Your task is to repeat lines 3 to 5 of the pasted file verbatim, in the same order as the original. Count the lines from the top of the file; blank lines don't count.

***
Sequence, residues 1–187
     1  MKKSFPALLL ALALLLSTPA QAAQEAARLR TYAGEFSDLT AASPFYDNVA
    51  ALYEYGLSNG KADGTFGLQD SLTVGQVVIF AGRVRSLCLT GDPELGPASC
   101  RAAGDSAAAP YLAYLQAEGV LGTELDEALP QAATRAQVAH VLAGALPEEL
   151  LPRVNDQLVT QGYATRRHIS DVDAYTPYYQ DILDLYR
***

    51  ALYEYGLSNG KADGTFGLQD SLTVGQVVIF AGRVRSLCLT GDPELGPASC
   101  RAAGDSAAAP YLAYLQAEGV LGTELDEALP QAATRAQVAH VLAGALPEEL
   151  LPRVNDQLVT QGYATRRHIS DVDAYTPYYQ DILDLYR